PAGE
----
Glasgow Lands Festival brings Scottish sights, sounds and exploits to Look Park

NORTHAMPTON – With a fern hidden behind the Clan Donnachaidh pin of his Scottish tam beret and the colors of the Duncan tartan on his kilt, Scott T. Duncan paraded proudly when his clan was announced at the 27th annual Glasgow Lands Scottish Festival on Saturday .

“Garg’ nuair dhuisgear!” Duncan loudly shouted his clan’s battle cry in Gaelic, while tossing a flag into the air. “Fierce when excited!” »

Growing up, Duncan, a resident of Manchester, Connecticut and Connecticut State Representative of the Northeastern Branch of the Clan Donnachaidh Society, did not carry on or practice many of the traditions relating to his Scottish heritage.

But sharing his clan’s history and shouting his ancestors’ battle cry is something he looks forward to as he has attended the annual event since the late 1990s.

Duncan was among countless others sporting kilts from their clans and showing their Scottish pride at Look Park on Saturday. Thousands of people attended the one-day event, which returned to the region after a two-year hiatus due to the COVID-19 pandemic.

The Glasgow Lands Scottish Festival is the only Scottish festival in Massachusetts and, according to the festival committee, is the second largest in New England, behind the New Hampshire Highland Games and Festival, held annually in Concord.

The first Glasgow Lands Scottish Festival was held in Blandford in 1994 at the local showground to raise funds for the restoration of the town’s historic church. Initially it was thought the event would be held once, but the response has been so positive that it has become an annual event, according to Peter Langmore, chairman of the festival committee.

After five years in Blandford, the festival has moved to Stanley Park in Westfield. In 2004, the festival was moved to Look Park and has been held there ever since.

The festival is also a not-for-profit organization whose mission is to promote Scottish heritage and culture. The word “clan” derives from the Gaelic word “clann”, which means children – a large family where loyalty could span many generations, Langmore said at the event. Those associated with a clan are related by blood, marriage, or allegiance to the chief, and many resided in neighboring communities.

Glasgow Lands Scottish Festival is also helping other non-profits with money raised from the event, including Northampton social service provider Viability Inc. and mental health service provider River Valley Counseling Center in Northampton.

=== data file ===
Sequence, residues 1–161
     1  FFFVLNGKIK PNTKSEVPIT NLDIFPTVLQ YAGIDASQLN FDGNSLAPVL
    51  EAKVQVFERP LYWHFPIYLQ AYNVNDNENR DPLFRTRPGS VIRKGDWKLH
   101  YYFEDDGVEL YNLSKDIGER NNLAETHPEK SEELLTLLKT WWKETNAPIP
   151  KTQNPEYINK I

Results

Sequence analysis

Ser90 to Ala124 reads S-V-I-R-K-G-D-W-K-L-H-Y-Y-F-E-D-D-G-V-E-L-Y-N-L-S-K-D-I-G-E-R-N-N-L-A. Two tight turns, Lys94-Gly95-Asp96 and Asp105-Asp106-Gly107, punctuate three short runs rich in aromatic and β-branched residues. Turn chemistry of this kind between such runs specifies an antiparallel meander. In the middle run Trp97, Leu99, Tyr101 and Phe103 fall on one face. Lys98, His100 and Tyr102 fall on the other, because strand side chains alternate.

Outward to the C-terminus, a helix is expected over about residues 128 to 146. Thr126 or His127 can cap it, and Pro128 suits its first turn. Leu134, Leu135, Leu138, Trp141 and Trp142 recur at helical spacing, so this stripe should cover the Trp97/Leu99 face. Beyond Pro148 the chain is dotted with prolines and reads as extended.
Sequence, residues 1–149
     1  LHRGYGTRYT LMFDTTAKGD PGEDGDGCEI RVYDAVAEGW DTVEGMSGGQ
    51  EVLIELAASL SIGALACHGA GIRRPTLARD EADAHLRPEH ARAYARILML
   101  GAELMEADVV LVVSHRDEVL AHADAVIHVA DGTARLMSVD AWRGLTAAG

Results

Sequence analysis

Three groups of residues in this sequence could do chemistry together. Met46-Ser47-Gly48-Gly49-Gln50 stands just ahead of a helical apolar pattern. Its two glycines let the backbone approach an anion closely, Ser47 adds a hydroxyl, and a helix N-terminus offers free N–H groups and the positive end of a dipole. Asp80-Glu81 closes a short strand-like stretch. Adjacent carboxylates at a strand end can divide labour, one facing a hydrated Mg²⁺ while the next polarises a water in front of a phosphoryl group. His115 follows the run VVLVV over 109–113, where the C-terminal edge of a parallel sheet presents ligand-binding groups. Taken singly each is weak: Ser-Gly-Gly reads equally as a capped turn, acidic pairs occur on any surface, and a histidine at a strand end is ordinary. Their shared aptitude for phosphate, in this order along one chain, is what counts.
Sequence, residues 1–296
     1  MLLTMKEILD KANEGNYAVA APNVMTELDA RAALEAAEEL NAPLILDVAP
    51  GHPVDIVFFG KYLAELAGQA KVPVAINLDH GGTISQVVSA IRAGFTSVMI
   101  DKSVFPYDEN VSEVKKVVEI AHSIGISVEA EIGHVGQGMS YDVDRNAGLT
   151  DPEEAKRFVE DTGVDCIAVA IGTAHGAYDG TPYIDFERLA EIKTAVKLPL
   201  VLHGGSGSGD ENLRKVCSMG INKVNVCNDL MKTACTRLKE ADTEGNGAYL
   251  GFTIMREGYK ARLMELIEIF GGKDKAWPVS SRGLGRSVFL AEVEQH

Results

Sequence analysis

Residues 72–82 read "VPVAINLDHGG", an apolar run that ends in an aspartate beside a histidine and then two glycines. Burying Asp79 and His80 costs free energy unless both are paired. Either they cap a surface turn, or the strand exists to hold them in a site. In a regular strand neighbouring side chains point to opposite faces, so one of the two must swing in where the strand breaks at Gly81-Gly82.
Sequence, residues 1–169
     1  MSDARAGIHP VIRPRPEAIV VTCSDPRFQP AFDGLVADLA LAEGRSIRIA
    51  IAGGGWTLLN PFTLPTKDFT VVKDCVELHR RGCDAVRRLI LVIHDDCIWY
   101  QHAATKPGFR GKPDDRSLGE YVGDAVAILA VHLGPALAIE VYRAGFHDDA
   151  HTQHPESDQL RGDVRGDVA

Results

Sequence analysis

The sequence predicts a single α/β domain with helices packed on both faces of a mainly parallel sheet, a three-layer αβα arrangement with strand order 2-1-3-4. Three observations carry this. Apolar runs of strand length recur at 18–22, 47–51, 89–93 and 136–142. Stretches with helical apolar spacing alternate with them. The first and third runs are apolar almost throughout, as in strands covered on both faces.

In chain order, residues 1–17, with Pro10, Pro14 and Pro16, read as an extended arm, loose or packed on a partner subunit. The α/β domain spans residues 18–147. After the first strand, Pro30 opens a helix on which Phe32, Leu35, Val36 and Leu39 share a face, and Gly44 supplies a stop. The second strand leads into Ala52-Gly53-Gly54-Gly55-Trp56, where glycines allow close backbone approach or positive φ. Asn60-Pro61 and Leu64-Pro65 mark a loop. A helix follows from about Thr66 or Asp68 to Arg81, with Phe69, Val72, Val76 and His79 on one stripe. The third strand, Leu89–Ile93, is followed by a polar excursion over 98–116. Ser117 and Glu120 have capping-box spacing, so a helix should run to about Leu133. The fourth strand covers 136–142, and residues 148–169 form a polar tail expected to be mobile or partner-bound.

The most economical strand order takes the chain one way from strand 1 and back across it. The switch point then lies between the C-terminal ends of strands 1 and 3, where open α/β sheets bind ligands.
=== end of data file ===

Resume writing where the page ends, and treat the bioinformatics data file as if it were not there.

Throughout the day, attendees were treated to traditional Highland dancing, a bagpipe competition, snare drumming and a number of competitors testing their athletic strength with the heavy hammer and caber throw.

Another clan that was represented at the festival was Clan Fraser. Decked out in clan tartans were Emily and Edward Groner, and their daughter, Kori Thompson. Together, the family runs Highland Ledge Farm, a business that creates artisan blends of sweet and spicy jams as well as simple syrups and mustards. The Savoyard family has traveled to more than 120 fairs to sell their products.

After her husband’s retirement, Emily Groner tagged him to help with what she described as a “hobby”. Together they made 10 cases of everything in hopes that it would all last the whole year. But before they knew it, Thompson said, her mother called her where she lived in North Carolina and asked her to join the business as well.

As members of Clan Fraser, Thompson said purchasing decorative items for the company has been more difficult in recent years.

In recent years, the clan has become one of the best known thanks to Diana Gabaldon’s best-selling book series as well as the Starz television series, “Outlander”. The show features Scottish highlander Jamie Fraser and his time-traveling wife, Claire, as well as star actors Sam Heughan and Caitriona Balfe.

“At first I couldn’t figure out why I couldn’t find any ribbon in Fraser’s colors, then it hit me: Oh! Foreign ! said Thompson.

In addition to those who knew their lineage well, a table was laid for those who weren’t as familiar. Cynthia Mulcahy, a Springfield genealogist and descendant of Clan MacPherson, manned the genealogy corner booth.

After her mother died as a young girl, Mulcahy said she wanted to know more.

“I have a passion and a love for where I come from; it defines who we are and how we are now,” Mulcahy said. “And I’ve found that often it can tell you where you’re going.”

Emily Thurlow can be contacted at

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